There are some nights in one’s life where you’ll look back at it and ask yourself “did that really happen?” Last Friday night was one of those for me. It started off pretty mundane. Marco (aka Marchettino) and I made our way to the Car Guy cafe in Yokohama. It’s a 1 hour train ride from Akasaka Station, taking us out of central Tokyo and into the suburban jungle.
Without much fuss or drama, we made it to the Car Guy cafe half an hour earlier than planned. We were welcomed in by Nagayama-San, a producer for Car Guy. There we also met Masatsugu-San, a friend of Nagayama-San and a videographer who also works with Car Guy. He also acted as our translator. We were informed Kimura-San, founder of Car Guy, would be a bit late. So to kill time they kindly let us have a go on the race simulator.
The car was a Lamborghini Gallardo Super Trofeo body on Huracan Super Trofeo mechanics. The track, well it had to be the Fuji Speedway. Marco went first, impressing us with his natural driving skills. He kept within the race lines, knew when to brake and accelerate, and clocked consistently fast lap times. His fastest was a 1:43. It was his first time on a simulator.
Then it was my turn. I was a bit nervous as I hadn’t driven on a simulator in many years, and haven’t ‘driven’ on Fuji for longer. I got on it, and immediately spun and crashed. And I’d keep doing so for a couple of laps. Once I got the hang of the simulator, car, and track, I managed to keep consistently (slow) lap times. I was averaging 1:50 times, but my fastest was a 1:44. Thinking of quitting while I was ahead I got out of the simulator and joined everyone at the lounge.
We sat and waited for a while until we heard the unmistakable sound of a high-performance turbocharged V8 outside. Kimura-San and his famous McLaren P1 MSO had arrived. We introduced each other, and Kimura-San, Marco, Nagayama-San, and Masatsugu-San started setting up for the interview. I quietly went and sat at the sofa at the other end of the room to get out of shot.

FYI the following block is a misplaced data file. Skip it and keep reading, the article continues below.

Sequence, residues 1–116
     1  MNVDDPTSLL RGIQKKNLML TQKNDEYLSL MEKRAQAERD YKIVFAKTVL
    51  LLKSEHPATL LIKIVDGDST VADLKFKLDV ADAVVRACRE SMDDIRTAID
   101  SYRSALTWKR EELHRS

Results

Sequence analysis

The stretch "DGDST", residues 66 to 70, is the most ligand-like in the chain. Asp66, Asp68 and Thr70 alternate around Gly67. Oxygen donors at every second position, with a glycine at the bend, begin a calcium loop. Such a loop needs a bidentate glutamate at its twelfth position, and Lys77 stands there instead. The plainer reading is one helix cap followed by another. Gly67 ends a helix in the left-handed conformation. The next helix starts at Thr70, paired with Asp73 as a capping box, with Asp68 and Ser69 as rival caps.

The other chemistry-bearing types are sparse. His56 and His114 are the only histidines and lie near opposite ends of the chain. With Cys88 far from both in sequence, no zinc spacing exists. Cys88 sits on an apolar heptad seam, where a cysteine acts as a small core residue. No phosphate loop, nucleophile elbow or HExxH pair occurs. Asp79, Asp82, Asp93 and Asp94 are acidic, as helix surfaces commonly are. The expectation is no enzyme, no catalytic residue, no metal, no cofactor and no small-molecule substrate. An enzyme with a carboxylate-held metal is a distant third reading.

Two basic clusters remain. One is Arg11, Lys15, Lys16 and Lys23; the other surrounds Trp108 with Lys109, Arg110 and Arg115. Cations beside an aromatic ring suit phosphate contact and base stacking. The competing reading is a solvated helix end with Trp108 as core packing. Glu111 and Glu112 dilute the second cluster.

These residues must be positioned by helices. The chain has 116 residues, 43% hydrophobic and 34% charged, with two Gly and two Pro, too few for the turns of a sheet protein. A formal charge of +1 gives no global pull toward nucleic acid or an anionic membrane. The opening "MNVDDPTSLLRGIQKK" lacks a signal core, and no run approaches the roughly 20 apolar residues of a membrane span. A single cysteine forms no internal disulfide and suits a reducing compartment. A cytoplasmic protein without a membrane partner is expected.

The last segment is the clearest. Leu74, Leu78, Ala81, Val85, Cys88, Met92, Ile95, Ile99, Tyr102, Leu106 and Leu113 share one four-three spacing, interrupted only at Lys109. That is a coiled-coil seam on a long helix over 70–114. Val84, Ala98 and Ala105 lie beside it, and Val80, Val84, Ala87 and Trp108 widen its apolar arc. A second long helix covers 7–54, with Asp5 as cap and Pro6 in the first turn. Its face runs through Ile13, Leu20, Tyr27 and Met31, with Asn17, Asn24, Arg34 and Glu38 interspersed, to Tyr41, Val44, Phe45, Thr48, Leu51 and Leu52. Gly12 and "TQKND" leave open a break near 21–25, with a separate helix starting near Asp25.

As the interview was between Kimura and Marco, I won’t spoil anything. The video should be out in the coming weeks. But they talked about how Kimura-San got the idea for the Car Guy community, some of the ‘interesting’ things he’s done, and where he wants to see Car Guy go in the future.
The idea for Car Guy came from Kimura-San’s annoyance that car clubs and car meets tend to be exclusively for the wealthy. He wanted everyone who loved cars to be able to enjoy and admire all things cars, not just supercars. So he started Car Guy. It would be a community where everyone who shared a passion for all things cars could come together. It’s not just supercars too, though that is a big part as Kimura-San is supercar crazy. Car Guy also holds events for drifting, road races, and helping support young racing drivers.
Since Car Guy was established around one and a half years ago, Car Guy has gone on many adventures, some you’ve probably heard of. He was the guy who went camping with his Ferrari F40. He reasoning behind this was “if people go to hotels in SUVs, why couldn’t he go camping in a supercar?” It makes sense, I suppose. Perhaps my favourite thing he’s done was hire out a ski field in Hokkaido and drove supercars down the ski slope.